Now the screen will turn white since the light pen can only read bright colors on the screen. Put the light pen to the screen and press the button when you want to draw. You can press 1, 2 or 3 for the colors sets by lines 40, 50 and 60 respectively. Pressing 4 gives you the background color and its effect is to erase the other colors. You can change the SETCOLOR statements on lines 40 through 60 to obtain the colors of your choice, but remember to use bright colors so that the light pen will be able to read them. If you’ve added the Graphics Dump Utility, you can press P to get a printout of the screen. If using the MPP-1100 printer interface (the kind that plugs into the third joystick port of the Atari 400 or 800) you’ll have to unplug it from the joystick port while using the light pen. But be sure to plug it back in again when you are ready to print. Those using other interfaces need not worry about this. If you want to use your own BASIC graphics dump utility, merge your utility with the Light Pen Program and change the GOSUB 31000 in line 210 to GOSUB to the beginning line of your graphics dump. Or, if you have a machine language commercial printer dump utility, follow the directions for using it in conjunction with a BASIC program.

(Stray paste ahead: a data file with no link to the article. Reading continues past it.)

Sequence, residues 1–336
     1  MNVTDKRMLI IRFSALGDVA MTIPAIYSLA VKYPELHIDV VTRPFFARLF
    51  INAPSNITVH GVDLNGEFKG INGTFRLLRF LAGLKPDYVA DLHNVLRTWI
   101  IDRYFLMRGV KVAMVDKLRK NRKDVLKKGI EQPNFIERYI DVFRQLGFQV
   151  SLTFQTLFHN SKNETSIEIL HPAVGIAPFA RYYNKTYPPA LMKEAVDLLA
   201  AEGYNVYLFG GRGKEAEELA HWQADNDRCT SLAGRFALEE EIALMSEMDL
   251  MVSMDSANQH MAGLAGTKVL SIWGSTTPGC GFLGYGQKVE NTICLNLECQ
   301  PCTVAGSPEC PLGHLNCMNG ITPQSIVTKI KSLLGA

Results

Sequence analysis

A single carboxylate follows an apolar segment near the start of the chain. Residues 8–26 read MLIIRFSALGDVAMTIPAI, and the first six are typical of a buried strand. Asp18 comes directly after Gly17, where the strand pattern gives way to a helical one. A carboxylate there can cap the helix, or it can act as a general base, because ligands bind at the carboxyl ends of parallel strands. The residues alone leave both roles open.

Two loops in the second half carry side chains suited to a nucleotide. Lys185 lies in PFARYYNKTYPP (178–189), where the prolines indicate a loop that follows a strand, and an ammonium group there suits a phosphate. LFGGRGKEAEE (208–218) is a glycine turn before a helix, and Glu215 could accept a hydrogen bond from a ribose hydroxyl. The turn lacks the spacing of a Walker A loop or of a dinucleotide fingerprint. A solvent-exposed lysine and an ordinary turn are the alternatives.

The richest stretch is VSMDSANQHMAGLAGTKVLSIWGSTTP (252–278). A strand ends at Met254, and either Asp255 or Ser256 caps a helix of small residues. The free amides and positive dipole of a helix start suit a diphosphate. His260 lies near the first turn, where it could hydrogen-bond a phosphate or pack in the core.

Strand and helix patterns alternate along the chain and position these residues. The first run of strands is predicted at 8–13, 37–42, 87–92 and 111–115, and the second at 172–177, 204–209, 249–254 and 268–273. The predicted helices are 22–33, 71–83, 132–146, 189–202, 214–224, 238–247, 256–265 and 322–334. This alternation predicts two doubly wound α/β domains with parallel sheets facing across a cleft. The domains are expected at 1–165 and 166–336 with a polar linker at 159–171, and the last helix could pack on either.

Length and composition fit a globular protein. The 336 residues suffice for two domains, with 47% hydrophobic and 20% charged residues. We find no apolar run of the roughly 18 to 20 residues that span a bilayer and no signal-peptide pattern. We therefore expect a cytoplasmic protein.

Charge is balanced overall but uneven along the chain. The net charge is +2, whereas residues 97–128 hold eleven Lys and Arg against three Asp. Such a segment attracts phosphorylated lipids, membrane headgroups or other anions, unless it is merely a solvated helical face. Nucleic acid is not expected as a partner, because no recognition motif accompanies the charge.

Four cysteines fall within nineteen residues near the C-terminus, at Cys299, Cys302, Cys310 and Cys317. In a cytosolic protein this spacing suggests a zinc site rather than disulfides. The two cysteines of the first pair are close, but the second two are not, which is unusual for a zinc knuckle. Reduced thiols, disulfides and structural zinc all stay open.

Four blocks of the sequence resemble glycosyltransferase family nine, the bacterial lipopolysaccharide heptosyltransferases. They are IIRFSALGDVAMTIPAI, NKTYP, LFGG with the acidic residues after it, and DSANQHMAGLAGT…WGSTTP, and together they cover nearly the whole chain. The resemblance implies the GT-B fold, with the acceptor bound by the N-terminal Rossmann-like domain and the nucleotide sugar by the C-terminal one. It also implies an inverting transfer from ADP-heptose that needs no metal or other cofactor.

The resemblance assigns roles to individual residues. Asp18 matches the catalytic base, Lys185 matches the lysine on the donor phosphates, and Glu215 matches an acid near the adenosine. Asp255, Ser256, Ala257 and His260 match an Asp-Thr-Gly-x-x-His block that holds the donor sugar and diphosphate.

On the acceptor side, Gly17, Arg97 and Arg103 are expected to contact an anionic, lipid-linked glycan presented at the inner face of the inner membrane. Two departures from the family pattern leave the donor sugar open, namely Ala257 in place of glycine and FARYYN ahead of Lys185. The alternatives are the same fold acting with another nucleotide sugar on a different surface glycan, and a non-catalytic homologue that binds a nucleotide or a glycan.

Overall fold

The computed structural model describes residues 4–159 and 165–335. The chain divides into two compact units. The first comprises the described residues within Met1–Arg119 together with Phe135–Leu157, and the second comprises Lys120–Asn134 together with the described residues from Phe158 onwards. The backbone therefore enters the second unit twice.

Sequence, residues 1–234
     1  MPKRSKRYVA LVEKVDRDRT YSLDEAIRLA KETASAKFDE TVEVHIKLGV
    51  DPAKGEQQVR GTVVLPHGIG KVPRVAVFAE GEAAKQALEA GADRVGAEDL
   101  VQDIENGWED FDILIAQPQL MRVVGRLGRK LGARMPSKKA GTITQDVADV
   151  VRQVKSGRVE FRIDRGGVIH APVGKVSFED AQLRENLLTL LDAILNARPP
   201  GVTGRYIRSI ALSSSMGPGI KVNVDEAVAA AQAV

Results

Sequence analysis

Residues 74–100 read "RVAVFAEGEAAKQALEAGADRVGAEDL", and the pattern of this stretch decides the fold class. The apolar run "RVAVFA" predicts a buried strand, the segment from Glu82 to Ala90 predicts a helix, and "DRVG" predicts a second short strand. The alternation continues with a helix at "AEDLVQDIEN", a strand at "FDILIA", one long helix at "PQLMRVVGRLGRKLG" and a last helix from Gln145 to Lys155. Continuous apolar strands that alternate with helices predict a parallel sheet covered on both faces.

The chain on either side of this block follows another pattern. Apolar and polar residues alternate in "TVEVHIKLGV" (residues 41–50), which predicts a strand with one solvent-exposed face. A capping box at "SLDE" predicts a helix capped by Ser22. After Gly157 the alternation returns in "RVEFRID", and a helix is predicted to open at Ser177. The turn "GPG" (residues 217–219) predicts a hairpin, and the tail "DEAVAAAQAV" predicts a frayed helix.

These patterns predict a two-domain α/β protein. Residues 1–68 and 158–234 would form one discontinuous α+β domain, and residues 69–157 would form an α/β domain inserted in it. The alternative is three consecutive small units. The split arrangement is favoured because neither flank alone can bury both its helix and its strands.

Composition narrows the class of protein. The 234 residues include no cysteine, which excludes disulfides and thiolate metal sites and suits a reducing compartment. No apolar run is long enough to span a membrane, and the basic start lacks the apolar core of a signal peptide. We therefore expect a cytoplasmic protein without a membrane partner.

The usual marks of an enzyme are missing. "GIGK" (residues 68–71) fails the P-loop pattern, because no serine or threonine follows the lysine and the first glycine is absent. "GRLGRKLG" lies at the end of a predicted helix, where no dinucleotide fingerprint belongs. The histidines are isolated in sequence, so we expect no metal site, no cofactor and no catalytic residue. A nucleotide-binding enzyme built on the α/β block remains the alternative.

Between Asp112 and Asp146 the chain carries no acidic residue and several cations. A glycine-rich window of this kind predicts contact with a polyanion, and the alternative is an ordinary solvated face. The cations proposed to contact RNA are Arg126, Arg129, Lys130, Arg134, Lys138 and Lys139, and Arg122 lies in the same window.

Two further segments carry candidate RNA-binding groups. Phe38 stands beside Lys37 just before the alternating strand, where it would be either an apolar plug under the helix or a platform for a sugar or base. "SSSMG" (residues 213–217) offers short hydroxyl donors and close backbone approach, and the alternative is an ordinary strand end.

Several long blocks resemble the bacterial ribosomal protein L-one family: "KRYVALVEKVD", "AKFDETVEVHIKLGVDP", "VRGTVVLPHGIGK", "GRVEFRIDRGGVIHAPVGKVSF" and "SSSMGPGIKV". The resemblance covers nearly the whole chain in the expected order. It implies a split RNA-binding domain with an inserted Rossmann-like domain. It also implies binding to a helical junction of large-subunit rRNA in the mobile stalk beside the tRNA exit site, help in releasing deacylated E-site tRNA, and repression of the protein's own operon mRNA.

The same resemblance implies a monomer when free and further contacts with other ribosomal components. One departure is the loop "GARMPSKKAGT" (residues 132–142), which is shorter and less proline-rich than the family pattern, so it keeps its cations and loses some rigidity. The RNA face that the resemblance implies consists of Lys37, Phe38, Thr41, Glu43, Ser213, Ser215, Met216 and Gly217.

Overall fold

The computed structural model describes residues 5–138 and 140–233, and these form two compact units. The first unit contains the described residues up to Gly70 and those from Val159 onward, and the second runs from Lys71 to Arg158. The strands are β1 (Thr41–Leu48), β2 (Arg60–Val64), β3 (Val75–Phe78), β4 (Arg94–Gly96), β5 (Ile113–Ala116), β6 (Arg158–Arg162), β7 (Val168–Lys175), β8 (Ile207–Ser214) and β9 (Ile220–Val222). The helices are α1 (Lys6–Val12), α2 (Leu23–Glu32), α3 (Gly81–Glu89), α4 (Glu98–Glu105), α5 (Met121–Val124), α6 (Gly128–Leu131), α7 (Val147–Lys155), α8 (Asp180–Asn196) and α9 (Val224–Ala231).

The sensitivity of the program to the light pen can be decreased or increased by respectively lowering or raising the value for the variable THRESHOLD on line 80. Generally, the better the quality of your light pen, the lower you should be able to set the THRESHOLD. As described last month, the threshold value is the amount of movement the light pen must register before the movement is actually plotted on the screen. If you are getting erratic plotting on the screen when you draw, you should raise the THRESHOLD level.